FORT COLLINS, Colorado – Reports of bat deaths worldwide due to human causes largely unique to the 21st century are markedly rising, according to a new USGS-led analysis published in Mammal Review.
Collisions with wind turbines worldwide and the disease white-nose syndrome in North America lead the reported causes of mass death in bats since the onset of the 21st century. These new threats now surpass all prior known causes of bat mortality, natural or attributed to humans.'
A comprehensive study reveals trends in the occurrence and causes of multiple mortality events in bats as reported globally for the past 200 years, shedding new light on the possible factors underlying population declines.
“Many of the 1,300 species of bats on Earth are already considered threatened or declining. Bats require high survival to ensure stable or growing populations," said Tom O’Shea, a USGS emeritus research scientist and the study’s lead author. “The new trends in reported human-related mortality may not be sustainable.”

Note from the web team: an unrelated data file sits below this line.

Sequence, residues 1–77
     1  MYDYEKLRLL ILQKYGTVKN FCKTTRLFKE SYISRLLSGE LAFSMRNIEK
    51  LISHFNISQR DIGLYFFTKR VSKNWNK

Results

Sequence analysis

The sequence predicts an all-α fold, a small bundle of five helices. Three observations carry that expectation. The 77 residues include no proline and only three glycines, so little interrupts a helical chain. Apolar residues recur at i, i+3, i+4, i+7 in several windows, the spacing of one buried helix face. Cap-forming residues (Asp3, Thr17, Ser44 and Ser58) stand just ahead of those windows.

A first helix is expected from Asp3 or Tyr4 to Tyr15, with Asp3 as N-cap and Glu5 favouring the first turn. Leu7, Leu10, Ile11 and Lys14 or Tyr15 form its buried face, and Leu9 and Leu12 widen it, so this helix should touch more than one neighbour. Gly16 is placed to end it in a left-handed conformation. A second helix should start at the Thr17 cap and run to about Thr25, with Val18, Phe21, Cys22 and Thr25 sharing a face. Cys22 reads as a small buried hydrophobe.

Bats are long-lived, slow-breeding mammals that play vital roles in most of Earth’s ecosystems. Bats are important pollinators and seed dispersers in tropical regions, and serve as the main predators of night flying insects in most parts of the world. Insect-eating bats are estimated to save farmers billions of dollars each year by providing natural pest control.
Learn more here: http://www.usgs.gov/newsroom/article.asp?ID=4438&from=rss_home#.VqLZixgrLZs_
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